I've checked the Vulgate and the LXX (unfortunately, my education is deficient when it comes to Hebrew so that's as close to the original as I can get).
Deus stetit in synagoga deorum in medio autem Deus deiudicat
ὁ θεὸς ἔστη ἐν συναγωγῇ θεῶν ἐν μέσῳ δὲ θεοὺς διακρίνει
Both the Latin and Greek are structurally very similar (which shouldn't surprise; St. Jerome would have been using the LXX as his primary reference). Both refer to a "synagogue" of gods. I don't believe that's meant as a reference to a Jewish house of worship; although synagogues would have been extant in Jerome's time. Rather, it's a Greek word referring to a place where people are "brought together", i.e. a meeting place. The conference room in your office might have been called a "synagogue" in Koine Greek.
So the translation looks pretty good to me, so far as my own skills go.
It seems to me there are two things going on here to consider.
First, the Tanakh (it's always struck me as rather disrespectful to refer to the Jewish Scriptures as the Old Testament) in many places seems quite prepared to admit to the existence of other gods. It does not deny them, but merely states that the Lord supersedes them. This psalm would appear to adopt that point of view.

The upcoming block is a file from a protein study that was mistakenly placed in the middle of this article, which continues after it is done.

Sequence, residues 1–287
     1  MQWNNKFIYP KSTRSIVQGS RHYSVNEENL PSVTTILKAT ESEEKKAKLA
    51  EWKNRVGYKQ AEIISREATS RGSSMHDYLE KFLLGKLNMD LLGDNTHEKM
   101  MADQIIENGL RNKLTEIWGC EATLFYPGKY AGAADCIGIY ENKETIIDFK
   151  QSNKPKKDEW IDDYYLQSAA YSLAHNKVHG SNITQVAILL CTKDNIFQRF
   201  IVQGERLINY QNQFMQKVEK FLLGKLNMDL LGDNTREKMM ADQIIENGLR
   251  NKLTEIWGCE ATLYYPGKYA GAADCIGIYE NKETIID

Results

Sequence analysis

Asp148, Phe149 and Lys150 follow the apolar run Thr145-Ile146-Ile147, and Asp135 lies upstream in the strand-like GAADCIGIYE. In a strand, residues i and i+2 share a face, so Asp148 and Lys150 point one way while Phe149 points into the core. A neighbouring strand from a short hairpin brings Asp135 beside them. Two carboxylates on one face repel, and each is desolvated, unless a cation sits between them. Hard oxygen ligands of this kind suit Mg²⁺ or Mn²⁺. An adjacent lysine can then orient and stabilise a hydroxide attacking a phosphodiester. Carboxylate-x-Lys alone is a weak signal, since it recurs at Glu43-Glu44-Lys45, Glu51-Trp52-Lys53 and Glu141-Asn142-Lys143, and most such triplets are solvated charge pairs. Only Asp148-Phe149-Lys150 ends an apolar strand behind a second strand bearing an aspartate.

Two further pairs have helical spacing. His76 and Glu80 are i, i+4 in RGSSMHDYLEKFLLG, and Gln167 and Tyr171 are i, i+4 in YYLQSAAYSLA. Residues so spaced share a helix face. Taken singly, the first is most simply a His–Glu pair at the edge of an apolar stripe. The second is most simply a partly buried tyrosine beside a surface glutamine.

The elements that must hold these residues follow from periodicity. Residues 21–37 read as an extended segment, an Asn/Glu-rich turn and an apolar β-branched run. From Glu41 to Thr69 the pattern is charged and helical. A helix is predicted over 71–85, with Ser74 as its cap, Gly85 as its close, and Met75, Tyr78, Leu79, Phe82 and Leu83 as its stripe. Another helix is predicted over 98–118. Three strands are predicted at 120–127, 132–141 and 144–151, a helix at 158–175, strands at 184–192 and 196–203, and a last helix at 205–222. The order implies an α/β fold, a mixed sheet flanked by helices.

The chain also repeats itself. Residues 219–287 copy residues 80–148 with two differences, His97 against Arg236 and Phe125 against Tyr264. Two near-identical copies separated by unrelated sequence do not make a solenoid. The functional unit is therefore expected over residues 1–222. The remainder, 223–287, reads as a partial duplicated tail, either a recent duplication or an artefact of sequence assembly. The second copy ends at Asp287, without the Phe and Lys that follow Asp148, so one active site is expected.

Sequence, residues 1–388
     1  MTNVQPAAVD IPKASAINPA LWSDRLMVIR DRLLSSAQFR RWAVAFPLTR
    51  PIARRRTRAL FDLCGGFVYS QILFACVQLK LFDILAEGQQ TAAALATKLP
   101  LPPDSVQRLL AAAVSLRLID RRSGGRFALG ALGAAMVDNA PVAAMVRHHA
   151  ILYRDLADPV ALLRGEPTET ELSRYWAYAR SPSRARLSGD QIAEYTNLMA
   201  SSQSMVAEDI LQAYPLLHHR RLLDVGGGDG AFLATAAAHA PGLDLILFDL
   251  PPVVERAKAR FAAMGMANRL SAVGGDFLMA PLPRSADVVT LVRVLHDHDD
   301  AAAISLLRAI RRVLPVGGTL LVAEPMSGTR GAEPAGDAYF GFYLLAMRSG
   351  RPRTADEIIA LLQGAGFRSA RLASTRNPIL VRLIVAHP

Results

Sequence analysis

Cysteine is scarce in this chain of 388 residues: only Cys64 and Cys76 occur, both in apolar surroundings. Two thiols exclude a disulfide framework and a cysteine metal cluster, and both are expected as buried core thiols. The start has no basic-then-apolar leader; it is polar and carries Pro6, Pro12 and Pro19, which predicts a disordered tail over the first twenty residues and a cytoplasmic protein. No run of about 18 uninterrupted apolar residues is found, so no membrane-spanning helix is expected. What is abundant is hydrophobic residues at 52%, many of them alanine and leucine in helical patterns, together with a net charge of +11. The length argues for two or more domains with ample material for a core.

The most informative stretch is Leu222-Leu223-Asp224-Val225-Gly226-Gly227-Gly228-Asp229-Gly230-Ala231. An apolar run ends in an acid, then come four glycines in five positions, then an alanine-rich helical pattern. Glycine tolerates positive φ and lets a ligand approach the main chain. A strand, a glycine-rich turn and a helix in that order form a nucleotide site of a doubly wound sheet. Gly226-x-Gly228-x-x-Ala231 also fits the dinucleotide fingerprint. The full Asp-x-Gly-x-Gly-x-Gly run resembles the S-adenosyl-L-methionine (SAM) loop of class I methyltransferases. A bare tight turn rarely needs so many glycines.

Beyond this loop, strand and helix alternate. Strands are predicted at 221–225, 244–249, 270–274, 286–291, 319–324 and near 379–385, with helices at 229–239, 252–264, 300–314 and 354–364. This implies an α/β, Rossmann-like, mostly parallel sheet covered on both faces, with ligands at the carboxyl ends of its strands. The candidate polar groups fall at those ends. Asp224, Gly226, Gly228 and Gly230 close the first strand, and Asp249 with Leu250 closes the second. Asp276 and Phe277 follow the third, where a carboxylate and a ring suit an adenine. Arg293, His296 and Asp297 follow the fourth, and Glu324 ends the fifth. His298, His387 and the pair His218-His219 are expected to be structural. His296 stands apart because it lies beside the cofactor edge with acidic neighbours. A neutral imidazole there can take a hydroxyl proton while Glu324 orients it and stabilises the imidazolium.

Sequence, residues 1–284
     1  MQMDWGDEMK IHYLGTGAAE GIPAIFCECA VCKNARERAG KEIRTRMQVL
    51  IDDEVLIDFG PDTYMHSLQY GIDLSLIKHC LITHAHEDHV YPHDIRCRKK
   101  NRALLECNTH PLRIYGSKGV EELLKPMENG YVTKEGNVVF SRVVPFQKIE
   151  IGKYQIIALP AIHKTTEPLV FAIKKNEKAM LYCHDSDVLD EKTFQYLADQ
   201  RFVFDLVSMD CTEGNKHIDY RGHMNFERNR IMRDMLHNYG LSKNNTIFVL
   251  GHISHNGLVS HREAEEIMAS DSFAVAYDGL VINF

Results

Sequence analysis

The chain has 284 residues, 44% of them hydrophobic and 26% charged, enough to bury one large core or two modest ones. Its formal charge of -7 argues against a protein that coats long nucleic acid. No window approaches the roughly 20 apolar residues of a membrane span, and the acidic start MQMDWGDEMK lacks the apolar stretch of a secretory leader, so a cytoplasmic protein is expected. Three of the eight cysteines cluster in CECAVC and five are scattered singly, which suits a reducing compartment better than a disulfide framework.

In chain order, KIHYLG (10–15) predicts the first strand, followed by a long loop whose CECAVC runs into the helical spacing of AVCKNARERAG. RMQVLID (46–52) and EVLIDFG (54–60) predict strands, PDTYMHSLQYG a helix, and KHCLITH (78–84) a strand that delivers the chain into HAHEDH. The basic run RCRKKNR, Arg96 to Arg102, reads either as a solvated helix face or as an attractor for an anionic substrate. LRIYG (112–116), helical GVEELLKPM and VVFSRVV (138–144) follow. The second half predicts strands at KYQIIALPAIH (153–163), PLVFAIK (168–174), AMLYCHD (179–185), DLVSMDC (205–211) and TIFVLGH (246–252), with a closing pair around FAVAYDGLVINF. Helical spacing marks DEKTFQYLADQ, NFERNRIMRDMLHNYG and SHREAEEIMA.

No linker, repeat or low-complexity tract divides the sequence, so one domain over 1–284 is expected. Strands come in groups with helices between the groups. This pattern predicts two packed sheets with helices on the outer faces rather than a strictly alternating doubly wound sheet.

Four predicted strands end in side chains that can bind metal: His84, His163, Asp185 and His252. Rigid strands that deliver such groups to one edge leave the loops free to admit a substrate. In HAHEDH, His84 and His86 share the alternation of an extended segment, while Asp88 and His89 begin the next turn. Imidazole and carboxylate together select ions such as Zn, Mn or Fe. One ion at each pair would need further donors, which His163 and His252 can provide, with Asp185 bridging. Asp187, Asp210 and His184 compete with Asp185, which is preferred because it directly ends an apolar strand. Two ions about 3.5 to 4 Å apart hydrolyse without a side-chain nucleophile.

This interpretation has entered into modern Christian theology not in the sense that people actually worship Ba'al or Osiris or Jupiter or what have you, but rather build their lives around money or sex or family or politics or some other facet of life. This sort of thinking is even useful for atheists, in the sense that it encourages you to think about what is essential and what is a distraction.
But the other thought is that the ancient world did indeed have people who were gods. Some formally so (think of the Pharoahs). But all of us have gods, entities who hold power over us, we must propitiate in order to make our way through life. Consider how you've go to suck up to your boss at work. Or how the bank needs its monthly "sacrifice" or else it will take your home.
This psalm reminds those lesser gods not to get above themselves too. They must act with justice, but also with mercy and compassion for the weak and poor. Something to bear in mind next time you are given authority over someone else.